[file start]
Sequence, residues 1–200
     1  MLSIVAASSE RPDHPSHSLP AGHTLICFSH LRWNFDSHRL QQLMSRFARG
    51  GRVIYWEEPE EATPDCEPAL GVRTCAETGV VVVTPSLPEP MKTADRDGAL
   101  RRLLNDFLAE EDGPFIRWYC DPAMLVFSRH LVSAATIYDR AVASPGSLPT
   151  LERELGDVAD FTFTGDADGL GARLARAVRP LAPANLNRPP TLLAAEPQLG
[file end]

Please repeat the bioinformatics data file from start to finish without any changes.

Sequence, residues 1–200
     1  MLSIVAASSE RPDHPSHSLP AGHTLICFSH LRWNFDSHRL QQLMSRFARG
    51  GRVIYWEEPE EATPDCEPAL GVRTCAETGV VVVTPSLPEP MKTADRDGAL
   101  RRLLNDFLAE EDGPFIRWYC DPAMLVFSRH LVSAATIYDR AVASPGSLPT
   151  LERELGDVAD FTFTGDADGL GARLARAVRP LAPANLNRPP TLLAAEPQLG